The drastic decline in world food security and nutrition in recent years drives home the urgency of confronting the root cause – inequality. Maryknoll Fr. Ken Thesing reports from the UN in Rome. The following article was published in the November-December 2023 issue of NewsNotes.
The latest State of Food Security and Nutrition (SOFI) report found that in 2022 an estimated 691 to 783 million people worldwide faced hunger, and nearly 3 in 10 people suffered moderate or severe food insecurity. This represents an increase of 122 million people compared to 2019, before the COVID-19 pandemic.
While the increase in global food insecurity has been fueled by severe shocks—including COVID-19, climate disasters, economic crises and war—the root cause of ongoing lack of access to affordable and nutritious food is inequality. The SOFI report found that more than 3.1 billion people in the world – or 42 percent – were unable to afford a healthy diet in 2021.
If we are to meet the UN targets to end hunger, food insecurity and malnutrition by 2030, governments must radically commit to tackling inequality. This is the message delivered by the UN Committee on World Food Security (CFS) before the 51st Session in Rome in October.
The CFS began at the UN’s Food and Agriculture Organization (FAO) in 1974 and underwent major reform in 2009. It became an inclusive, participatory body to discuss food and nutrition issues and concerns related to agriculture. A Civil Society Mechanism (CSM) was established through which civil society organizations and movements could participate in formulating and developing food policies and programs.
In growing recognition of the importance and participation of indigenous people around the world the name Civil Society Mechanism (CSM) was changed to Civil Society and Indigenous Peoples Mechanism (CSIPM). Many Catholic NGOs take part through this mechanism.
To understand the CFS we must recognize their multi-year program of work. New programs and policy documents are developed over a period of years.
For example, work continues on the Voluntary Guidelines on Gender Equality and Women’s and Girls’ Empowerment in the Context of Food Security and Nutrition. At the meeting this year, we began a 20th anniversary remembrance of the Voluntary Guidelines for the Right to Food that was endorsed in 2004.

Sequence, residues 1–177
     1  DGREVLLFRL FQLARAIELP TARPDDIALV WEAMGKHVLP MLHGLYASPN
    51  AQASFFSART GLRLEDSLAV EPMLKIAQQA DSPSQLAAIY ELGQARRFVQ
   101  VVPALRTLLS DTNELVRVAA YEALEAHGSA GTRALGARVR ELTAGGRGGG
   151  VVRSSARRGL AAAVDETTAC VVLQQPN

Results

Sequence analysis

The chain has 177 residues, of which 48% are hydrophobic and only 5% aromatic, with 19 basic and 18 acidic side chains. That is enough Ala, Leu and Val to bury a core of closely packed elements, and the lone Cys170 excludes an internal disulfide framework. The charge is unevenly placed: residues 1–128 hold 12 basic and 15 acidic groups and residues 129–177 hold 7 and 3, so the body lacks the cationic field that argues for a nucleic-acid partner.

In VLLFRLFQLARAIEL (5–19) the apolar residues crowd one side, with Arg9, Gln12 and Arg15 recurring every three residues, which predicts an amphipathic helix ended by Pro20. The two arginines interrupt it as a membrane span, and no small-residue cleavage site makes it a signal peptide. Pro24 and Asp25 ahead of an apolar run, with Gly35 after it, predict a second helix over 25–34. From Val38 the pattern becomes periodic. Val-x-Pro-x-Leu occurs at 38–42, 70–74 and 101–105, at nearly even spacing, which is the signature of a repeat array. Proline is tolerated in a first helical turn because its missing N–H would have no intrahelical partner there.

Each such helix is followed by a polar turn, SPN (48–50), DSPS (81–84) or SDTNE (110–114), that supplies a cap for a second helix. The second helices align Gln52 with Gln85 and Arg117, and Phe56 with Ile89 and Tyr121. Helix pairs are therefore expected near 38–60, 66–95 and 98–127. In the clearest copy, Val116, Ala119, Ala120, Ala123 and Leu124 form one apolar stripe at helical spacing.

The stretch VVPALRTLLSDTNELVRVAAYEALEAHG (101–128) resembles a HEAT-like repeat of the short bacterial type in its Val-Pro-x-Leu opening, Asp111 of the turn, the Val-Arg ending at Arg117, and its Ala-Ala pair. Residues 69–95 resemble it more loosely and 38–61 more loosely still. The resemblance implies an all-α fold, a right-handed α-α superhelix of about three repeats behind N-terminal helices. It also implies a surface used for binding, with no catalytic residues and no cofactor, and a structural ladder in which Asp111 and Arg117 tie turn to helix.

As new issues in world agriculture emerge or develop, they are taken up by member governments, or the civil society mechanism or private sector mechanism or other intergovernmental or international organizations like the World Food Program to process these issues.
It is a massive amount of material; it is though what FAO is, what CFS does. FAO is a research and knowledge-based organization. The CFS develops policy and program documents related to food security and nutrition brought to it by its members and participants.
I remember when I first went to the FAO Partnership Division to explain our request as a religious organization to be part of the FAO and its work, the question back to me was: What will be your value added to the FAO?
I have come to understand that this question has two parts, or the answer can be understood as implying two parts. The FAO came to understand that its work as a knowledge and technical based organization was not enough to achieve its goal of reducing and eliminating hunger and food insecurity. And so, the reform of the CFS in 2009 was planned and implemented.
The CFS at the FAO became the most inclusive international ongoing forum for universal participation in analyzing food hunger and nutrition security issues and a forum for receiving inclusive and universal input to develop policies to resolve these issues. But the FAO also recognizes that the policies and programs it develops must be implemented at national and local levels. And any policy statement endorsed by the FAO/CFS is voluntary to the national governments. There are no legally binding agreements for governments produced within the FAO/CFS.
But there is the moral force of the voice of individual and collective countries. That is perhaps where Maryknoll missioners enter, as advocates on the ground so to speak. Our ‘value added’ is often what we do at the local level, and at intermediate and national levels to influence government officials and humanitarian assistance programs, to implement programs ‘as if people mattered’ for they do.
The legal Right to Food is a right of every person. Let us use our influence to see that governments listen to their people and agree to implement effective programs domestically that reflect what they have endorsed at the FAO/CFS. One speaker at the 51st Session of the CFS quoted Nelson Mandela as he spoke of the data and knowledge required in food and nutrition systems: ‘Inequality is the defining human rights issue of our time.”
Photo of a woman making tortillas in her home in the village of San Lorenzo. by Alex Webb/Magnum for FAO available under creative commons.